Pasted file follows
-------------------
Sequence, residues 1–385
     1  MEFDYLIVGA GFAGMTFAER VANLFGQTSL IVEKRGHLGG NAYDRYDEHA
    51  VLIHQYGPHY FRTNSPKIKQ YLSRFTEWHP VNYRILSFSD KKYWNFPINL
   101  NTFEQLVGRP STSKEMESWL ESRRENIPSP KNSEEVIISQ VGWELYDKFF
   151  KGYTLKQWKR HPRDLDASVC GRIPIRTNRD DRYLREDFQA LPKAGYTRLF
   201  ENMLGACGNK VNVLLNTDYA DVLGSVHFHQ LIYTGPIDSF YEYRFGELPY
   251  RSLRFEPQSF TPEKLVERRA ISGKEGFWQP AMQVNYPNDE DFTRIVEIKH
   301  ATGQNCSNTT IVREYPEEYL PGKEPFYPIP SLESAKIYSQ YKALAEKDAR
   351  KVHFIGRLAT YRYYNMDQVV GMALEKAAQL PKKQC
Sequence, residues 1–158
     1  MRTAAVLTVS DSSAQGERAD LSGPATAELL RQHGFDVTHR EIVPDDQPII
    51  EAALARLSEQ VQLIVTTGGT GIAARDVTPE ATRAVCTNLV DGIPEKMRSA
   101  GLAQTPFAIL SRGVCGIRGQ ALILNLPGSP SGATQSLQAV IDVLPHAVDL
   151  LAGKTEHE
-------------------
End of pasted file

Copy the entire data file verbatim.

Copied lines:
Sequence, residues 1–385
     1  MEFDYLIVGA GFAGMTFAER VANLFGQTSL IVEKRGHLGG NAYDRYDEHA
    51  VLIHQYGPHY FRTNSPKIKQ YLSRFTEWHP VNYRILSFSD KKYWNFPINL
   101  NTFEQLVGRP STSKEMESWL ESRRENIPSP KNSEEVIISQ VGWELYDKFF
   151  KGYTLKQWKR HPRDLDASVC GRIPIRTNRD DRYLREDFQA LPKAGYTRLF
   201  ENMLGACGNK VNVLLNTDYA DVLGSVHFHQ LIYTGPIDSF YEYRFGELPY
   251  RSLRFEPQSF TPEKLVERRA ISGKEGFWQP AMQVNYPNDE DFTRIVEIKH
   301  ATGQNCSNTT IVREYPEEYL PGKEPFYPIP SLESAKIYSQ YKALAEKDAR
   351  KVHFIGRLAT YRYYNMDQVV GMALEKAAQL PKKQC
Sequence, residues 1–158
     1  MRTAAVLTVS DSSAQGERAD LSGPATAELL RQHGFDVTHR EIVPDDQPII
    51  EAALARLSEQ VQLIVTTGGT GIAARDVTPE ATRAVCTNLV DGIPEKMRSA
   101  GLAQTPFAIL SRGVCGIRGQ ALILNLPGSP SGATQSLQAV IDVLPHAVDL
   151  LAGKTEHE